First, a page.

South African artist, Tiger Maremela, is exposing hidden secrets and issues the country has always ignored

Each of us is as intimately attached to the soil of this beautiful country as are the famous jacaranda trees of Pretoria and the mimosa trees of the bushveld, a rainbow nation at peace with itself and the world – Nelson Mandela.

Tiger Maremela is a South African who is making use of social media, specifically Instagram and Vimeo, to create awareness about South Africa as a ‘Rainbow Nation’ using collages and video clips, a description that fits the country’s multiple races, cultures and backgrounds. According to Quartz, in the past, the ‘Rainbow Nation’ narrative has been made up of strips of the colourful and vibrant and happy parts of South Africa as a nation. “There are some people whose stories are being hidden and torn away. Those are the stories that need to be amplified, and they are the ones whose issues need to be addressed, right now,” says Maremela.

It is a wonderful occurrence when artists let go of societal conventions and political correctness to create art that addresses unpopular issues or even uncommon themes. During a creative session on artistic expression in March 2016, Nigerian poet and writer, Wana Udobang told a team of creative writers that the day an artist decides to consider public opinion before creating art, is the day s/he starts to stop being one hundred percent creative.

As indicated on his Instagram profile, Maremela is also actively involved in promoting art works that show support for the LGBTQI community. Although Tiger Maremela is only 22 years old, he uses his art work to explain the true meaning behind the Rainbow Nation as South Africa is often called. Although it has been quite an age since apartheid in the country, many South Africans still find themselves battling racial divides in some way, a recent example of this is the January 2016 killing of 35 year old Samuel Tjexa and 25 year old Seun Tangasha, who were allegedly killed by four white farmers in Central Parys over overdue wages owed to the deceased men.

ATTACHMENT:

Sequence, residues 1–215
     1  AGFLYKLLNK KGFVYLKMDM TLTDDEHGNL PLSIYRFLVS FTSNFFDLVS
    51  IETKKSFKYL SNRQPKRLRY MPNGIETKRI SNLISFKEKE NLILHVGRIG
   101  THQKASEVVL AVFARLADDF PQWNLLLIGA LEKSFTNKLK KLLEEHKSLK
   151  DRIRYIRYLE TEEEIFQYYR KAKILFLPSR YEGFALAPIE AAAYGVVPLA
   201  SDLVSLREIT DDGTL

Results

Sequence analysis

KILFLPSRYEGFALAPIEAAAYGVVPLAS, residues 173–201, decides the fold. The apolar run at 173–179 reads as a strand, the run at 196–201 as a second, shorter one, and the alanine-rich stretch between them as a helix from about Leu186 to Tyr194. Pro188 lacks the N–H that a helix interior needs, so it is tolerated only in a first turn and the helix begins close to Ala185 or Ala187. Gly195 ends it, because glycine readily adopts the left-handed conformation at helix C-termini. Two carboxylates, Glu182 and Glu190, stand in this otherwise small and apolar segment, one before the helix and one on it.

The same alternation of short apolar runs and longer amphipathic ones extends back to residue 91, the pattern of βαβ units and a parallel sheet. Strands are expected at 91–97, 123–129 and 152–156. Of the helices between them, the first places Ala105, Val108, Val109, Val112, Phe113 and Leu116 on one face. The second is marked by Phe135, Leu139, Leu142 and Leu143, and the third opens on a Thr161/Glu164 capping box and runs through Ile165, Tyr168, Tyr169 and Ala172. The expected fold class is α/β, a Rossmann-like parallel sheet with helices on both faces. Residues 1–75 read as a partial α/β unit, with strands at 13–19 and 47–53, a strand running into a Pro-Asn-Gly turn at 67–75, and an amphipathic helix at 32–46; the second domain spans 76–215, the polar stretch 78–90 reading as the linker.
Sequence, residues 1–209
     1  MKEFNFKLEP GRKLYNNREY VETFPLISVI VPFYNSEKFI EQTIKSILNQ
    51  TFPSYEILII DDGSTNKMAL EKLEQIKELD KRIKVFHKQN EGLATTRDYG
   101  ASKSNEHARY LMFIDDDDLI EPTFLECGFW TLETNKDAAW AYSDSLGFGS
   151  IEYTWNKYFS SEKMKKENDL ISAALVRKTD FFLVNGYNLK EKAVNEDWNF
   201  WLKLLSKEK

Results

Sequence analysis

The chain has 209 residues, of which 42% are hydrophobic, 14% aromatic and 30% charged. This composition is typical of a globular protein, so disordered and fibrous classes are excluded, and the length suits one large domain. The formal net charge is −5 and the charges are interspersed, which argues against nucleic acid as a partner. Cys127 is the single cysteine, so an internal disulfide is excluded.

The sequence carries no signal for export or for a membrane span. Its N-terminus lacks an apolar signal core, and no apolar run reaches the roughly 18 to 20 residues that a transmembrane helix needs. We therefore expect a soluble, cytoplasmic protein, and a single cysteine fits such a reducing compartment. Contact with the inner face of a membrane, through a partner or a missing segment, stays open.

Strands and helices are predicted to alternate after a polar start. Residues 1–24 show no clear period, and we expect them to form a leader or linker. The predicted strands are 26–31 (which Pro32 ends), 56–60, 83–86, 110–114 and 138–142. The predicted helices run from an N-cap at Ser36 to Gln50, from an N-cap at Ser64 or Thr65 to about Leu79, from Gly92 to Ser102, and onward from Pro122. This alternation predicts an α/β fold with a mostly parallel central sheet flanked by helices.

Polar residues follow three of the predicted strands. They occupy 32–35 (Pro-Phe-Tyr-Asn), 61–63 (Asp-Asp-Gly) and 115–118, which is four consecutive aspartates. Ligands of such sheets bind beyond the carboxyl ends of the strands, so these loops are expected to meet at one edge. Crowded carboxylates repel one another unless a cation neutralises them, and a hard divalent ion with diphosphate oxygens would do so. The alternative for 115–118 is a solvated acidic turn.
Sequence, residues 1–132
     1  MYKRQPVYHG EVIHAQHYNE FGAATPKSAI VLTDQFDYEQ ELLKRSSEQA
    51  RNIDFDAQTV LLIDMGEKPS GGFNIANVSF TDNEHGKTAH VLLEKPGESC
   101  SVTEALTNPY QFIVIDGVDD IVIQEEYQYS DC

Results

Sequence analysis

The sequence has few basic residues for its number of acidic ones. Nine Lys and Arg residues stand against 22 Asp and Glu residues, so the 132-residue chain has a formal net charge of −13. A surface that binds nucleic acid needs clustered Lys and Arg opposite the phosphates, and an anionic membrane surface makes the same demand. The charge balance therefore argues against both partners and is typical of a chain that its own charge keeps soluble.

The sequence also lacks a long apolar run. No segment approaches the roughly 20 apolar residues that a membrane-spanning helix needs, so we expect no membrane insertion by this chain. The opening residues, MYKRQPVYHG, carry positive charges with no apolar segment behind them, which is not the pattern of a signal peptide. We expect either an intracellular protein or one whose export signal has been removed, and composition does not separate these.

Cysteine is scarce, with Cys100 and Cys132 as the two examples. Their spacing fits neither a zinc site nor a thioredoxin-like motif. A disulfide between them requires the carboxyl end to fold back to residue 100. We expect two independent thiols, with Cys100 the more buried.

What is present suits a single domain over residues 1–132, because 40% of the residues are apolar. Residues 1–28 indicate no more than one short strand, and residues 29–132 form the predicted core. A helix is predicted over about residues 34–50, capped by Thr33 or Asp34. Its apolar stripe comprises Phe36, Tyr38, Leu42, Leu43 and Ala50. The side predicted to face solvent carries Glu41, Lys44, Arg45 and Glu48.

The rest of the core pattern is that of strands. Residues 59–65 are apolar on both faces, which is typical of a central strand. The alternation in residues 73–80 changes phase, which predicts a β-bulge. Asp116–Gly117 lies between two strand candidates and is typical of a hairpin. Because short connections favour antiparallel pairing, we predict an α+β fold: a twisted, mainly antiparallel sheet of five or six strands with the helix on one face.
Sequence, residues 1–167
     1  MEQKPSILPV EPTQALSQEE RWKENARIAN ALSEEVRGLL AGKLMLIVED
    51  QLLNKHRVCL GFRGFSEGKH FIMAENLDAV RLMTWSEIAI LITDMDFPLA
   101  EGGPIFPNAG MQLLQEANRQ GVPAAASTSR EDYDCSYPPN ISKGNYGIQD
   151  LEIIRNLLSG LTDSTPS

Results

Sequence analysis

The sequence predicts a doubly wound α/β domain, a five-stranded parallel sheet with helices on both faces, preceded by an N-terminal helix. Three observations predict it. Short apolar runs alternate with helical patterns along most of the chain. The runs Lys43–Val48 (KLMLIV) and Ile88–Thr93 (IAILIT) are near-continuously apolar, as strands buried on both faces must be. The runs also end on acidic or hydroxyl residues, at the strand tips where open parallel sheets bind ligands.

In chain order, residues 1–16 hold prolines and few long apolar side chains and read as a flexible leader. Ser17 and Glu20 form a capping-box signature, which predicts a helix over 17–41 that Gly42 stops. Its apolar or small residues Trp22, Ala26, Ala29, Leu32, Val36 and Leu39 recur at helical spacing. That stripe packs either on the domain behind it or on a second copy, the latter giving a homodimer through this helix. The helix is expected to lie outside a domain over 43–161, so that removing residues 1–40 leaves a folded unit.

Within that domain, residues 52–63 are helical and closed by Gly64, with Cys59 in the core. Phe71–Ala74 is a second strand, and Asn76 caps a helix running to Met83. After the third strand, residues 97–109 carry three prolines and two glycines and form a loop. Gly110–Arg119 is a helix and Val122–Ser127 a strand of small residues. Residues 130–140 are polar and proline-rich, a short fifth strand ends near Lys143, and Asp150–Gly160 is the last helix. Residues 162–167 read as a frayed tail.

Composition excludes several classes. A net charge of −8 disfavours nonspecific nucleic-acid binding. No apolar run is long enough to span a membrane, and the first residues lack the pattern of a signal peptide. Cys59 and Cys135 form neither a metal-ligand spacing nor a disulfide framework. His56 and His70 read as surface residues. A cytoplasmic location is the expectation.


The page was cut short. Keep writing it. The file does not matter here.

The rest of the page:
For Maremela, however, the intent of his work is deeply rooted in his commitment towards showing Africans that just as there are various cultures and peoples in South Africa, there are varying sexual orientations which should be tolerated by all who come across those who bear these differences. One of Maremela’s work, the Roygbiv series focuses on the re-imagination of black masculinity in post-apartheid South Africa.

“With roygbiv I have been trying to interrogate and re-imagine the myth of the Rainbow Nation by observing black masculinities in post-apartheid South Africa. I’ve used digital collage art to weave together contrasting and complex visual illustrations of the kinds of conversations we are currently having in South Africa. With the project I look at mental health, capitalism, the contribution of black women towards the country’s liberation, the aesthetic integrity of black sub-cultures and a host of other issues that intersect with black masculinities,” he said.

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